Conservatives cry that we must return to America's core values, its one true culture. Unfortunately, they haven't been able to define these terms . . . until now. In his book To Renew America, Newt Gingrich does exactly that—tells us which traits make us truly American.
Does Newt have it pegged? Let's see how his analysis bears up under scrutiny.
The spiritual dimension
First, Gingrich touts America's "spiritual dimension." As evidence he quotes four Americans—Benjamin Franklin, Thomas Jefferson, Abraham Lincoln, and Franklin Roosevelt—on the centrality of God.
These statesmen may have honored Him, but Newt has mistaken spirituality for religion. For instance, Jefferson and Lincoln weren't members of any organized church. Jefferson, Franklin, and the other Founding Fathers—Washington, Adams, Madison—considered themselves deists or Unitarians, not Christians. They believed in God only as an impersonal force of nature.
Jefferson, of course, led the calls for separating church and state. The other framers agreed, which is why the Constitution doesn't mention God or Christianity once. As a peace treaty ratified during Adams' presidency declared, "The Government of the United States of America is not in any sense founded on the Christian religion."
Second, Gingrich says Americans take individual responsibility rather than blame society. He again cites four examples: John Smith, Joshua Chamberlain, George Marshall, and Martin Luther King Jr.
Newt identifies Captain Smith because Smith told Jamestown's colonists, "If you don't work you won't eat." Ignore the fact that this Englishman had to beg the natives for food and shot them when they didn't cooperate. Smith, who arrived in 1607 and stayed only two years, wasn't an American.
Chamberlain exhorted his troops to fight for the Union, the common good. Marshall proposed what conservatives would now call a "bailout" of war-torn Europe. But King is perhaps Gingrich's most glaring lapse. Somehow Newt nominates the man who led millions in civil rights protests, who proclaimed, "The largest portion of white America is still poisoned by racism," as the epitome of personal responsibility.
The spirit of free enterpirse
Third, Gingrich champions America's "spirit of free enterprise," and offers Thomas Edison, Ray Kroc, Steven Jobs, and Bill Gates as representative. Although Scotsman Adam Smith first detailed capitalism, Newt has a point. Americans have developed free enterprise to its most ruthless extreme. Not only did they steal land from the Indians and conspire to form monopolies, but they practiced the vilest form of commerce ever known: slavery.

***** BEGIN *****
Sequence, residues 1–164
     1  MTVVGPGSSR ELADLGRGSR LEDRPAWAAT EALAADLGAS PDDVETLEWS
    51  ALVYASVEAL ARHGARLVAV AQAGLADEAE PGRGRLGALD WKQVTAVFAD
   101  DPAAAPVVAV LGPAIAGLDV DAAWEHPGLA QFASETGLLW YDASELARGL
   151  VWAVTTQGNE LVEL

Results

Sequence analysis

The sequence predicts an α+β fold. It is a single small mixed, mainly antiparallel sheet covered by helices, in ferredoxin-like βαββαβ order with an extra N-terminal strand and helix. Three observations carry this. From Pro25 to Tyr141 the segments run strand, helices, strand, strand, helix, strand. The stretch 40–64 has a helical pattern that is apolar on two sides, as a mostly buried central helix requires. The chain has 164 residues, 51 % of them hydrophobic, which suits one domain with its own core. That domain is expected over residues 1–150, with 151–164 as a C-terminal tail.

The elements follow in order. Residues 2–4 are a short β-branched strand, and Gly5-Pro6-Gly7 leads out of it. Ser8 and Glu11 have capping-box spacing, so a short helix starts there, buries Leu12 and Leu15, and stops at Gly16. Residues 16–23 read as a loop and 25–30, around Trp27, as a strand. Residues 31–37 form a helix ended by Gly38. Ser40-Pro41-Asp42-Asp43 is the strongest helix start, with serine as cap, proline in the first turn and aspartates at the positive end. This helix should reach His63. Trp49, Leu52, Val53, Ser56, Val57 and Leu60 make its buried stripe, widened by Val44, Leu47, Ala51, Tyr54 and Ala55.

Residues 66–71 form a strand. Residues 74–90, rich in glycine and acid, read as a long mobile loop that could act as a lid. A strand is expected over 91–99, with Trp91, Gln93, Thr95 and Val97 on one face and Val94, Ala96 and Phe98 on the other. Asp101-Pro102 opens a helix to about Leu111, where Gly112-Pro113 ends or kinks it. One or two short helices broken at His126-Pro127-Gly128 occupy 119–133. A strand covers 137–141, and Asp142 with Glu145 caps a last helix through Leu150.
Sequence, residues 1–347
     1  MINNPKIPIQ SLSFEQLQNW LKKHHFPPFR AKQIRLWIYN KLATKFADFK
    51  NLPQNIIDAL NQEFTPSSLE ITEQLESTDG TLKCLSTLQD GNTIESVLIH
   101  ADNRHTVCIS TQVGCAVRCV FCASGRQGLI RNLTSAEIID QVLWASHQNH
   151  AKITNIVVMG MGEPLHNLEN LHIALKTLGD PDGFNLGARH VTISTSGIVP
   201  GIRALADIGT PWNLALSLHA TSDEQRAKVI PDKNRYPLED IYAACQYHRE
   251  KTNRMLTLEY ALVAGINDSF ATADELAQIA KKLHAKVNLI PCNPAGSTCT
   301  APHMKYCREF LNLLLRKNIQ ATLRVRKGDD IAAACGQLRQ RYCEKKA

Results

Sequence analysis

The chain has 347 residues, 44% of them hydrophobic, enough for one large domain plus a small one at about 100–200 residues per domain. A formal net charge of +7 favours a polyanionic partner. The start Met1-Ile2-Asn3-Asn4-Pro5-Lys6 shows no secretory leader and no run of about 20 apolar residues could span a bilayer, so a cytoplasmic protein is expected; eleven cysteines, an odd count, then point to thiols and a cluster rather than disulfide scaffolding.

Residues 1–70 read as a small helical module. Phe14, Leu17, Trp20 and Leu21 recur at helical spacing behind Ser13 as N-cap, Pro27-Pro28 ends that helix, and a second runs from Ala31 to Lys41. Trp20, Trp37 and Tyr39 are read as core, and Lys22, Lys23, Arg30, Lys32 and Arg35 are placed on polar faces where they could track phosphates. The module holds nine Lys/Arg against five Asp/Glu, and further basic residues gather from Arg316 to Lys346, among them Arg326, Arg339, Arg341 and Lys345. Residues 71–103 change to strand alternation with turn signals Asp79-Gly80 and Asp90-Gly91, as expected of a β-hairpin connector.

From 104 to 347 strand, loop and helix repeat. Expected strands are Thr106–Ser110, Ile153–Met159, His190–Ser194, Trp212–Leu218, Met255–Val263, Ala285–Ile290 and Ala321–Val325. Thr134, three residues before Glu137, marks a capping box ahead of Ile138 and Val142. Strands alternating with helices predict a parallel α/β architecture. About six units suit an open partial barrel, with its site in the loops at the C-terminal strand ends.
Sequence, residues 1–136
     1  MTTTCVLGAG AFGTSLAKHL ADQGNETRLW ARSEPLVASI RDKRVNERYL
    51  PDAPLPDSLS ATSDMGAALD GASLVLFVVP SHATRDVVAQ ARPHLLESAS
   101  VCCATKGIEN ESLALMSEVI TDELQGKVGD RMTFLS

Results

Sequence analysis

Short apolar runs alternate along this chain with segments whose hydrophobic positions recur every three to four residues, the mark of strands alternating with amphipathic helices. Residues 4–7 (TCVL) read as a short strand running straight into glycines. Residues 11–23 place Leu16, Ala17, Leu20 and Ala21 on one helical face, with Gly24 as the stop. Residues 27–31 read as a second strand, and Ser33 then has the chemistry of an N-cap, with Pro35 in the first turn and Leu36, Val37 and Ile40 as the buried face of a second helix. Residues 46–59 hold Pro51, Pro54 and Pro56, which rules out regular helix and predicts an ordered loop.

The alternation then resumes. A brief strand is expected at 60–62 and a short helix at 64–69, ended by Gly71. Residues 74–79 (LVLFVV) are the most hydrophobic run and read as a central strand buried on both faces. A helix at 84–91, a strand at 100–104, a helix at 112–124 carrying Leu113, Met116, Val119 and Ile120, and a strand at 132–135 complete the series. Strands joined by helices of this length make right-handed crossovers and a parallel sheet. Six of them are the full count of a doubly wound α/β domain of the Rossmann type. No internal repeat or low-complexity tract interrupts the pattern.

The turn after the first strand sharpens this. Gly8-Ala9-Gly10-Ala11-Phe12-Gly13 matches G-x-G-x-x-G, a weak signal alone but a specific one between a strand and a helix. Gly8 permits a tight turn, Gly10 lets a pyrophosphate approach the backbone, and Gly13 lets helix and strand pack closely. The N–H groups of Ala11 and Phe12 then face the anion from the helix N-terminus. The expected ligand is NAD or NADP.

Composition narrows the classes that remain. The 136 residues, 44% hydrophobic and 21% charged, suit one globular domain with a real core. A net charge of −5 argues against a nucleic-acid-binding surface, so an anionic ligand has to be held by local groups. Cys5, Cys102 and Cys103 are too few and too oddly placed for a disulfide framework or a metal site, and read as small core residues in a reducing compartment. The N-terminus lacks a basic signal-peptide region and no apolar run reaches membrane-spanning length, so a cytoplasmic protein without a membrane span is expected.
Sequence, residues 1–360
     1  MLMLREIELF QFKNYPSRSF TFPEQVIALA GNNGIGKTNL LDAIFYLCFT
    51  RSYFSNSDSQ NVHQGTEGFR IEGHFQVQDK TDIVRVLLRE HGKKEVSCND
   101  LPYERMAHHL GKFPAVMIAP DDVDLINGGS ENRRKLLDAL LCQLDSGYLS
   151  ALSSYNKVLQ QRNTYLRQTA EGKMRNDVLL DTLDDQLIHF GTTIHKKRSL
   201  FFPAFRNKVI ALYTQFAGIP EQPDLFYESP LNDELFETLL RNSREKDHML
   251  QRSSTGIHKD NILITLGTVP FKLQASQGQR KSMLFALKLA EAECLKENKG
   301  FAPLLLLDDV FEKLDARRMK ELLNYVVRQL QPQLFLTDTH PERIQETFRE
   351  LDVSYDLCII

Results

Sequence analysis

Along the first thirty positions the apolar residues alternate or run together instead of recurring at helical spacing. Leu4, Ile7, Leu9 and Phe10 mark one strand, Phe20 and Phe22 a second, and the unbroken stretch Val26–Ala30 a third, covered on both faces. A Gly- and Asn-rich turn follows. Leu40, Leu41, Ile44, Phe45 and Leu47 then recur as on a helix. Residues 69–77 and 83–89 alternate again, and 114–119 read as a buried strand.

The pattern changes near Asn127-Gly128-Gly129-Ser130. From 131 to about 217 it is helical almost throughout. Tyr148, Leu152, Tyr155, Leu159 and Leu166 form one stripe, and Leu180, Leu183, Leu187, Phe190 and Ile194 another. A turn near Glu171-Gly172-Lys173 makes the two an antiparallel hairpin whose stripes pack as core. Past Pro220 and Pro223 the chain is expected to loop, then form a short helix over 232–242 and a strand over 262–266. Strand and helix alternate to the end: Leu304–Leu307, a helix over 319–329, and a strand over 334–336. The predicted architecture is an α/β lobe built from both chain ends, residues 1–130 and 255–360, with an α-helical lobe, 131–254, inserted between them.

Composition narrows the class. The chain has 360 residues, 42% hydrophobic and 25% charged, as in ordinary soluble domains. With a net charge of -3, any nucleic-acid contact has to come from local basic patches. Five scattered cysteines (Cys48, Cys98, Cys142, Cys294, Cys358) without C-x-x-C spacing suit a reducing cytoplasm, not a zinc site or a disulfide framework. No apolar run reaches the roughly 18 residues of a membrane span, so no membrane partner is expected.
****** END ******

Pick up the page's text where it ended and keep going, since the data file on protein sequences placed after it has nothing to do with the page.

When American workers demanded safe working conditions, livable wages, and an end to round-the-clock toil, businessmen responded by beating and killing them. An unregulated economy led to a worldwide depression and to waste and pollution destroying the environment. The amount of natural resources consumed to make one McDonald's hamburger is appalling.
Ancient history? Hardly. From S&L failures to Microsoft's software dominion to involuntary servitude in sweatshops, not much has changed at all.
The spirit of invention and discovery
Fourth, Gingrich exalts America's superior commitment to "the spirit of invention and discovery." Once again—see the pattern?—he gives four names as proof: Robert Fulton, Eli Whitney, Samuel Morse, and the Wright Brothers.
What Gingrich fails to mention is that foreigners first invented, discovered, or explained everything from the basic elements to aspirin, atomic theory, bacteria, calculus, electromagnetism, evolution, fission, gravity, heart transplants, heredity, insulin, the internal combustion engine, IQ testing, the laws of motion, lighter-than-air travel, penicillin, psychoanalysis, quantum theory, radio, radioactivity, relativity, the steam engine, the telescope, vaccination, and x-rays.
Perhaps the best measure of scientific achievement is the Nobel prize, and again the record is telling. From 1901 to 1932, when Hitler's rise caused scientists to flee across the Atlantic, Americans won just three prizes in physics, two in chemistry, and one in medicine.
Pragmatism and the spirit of quality
Gingrich's last cultural plank is "pragmatism and the spirit of quality taught by Deming." He describes how Henry Ford's innovations led to the prevalence of assembly line management. When Edward Deming began seeking ways to increase productivity, he saw empowering workers as the key.
But America's captains of industry ignored him, so Deming went to Japan. As Gingrich admits, "For 30 years American management shrugged off Deming's theories while Japan adopted them as a national standard," leading to that country's remarkable growth.
Here the quality of Newt's thinking stands revealed. Incredibly, he claims Deming's ideas are "classically American," though Americans failed to adopt them until the 1980s, more than 200 years after the Revolution and decades after their success elsewhere. If Newt is right, how much more American are such strains as intolerance, imperialism, and genocide, which go back to the nation's very beginning?
In short, it's hard to imagine Gingrich was recently a practicing history professor. If he were a history student, one would have to give his thesis on American culture an F.To Renew America
America's exceptional values
The myth of American self-reliance
Native vs. non-Native Americans: a summary
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Original text and pictures © copyright 2007 by Robert Schmidt.
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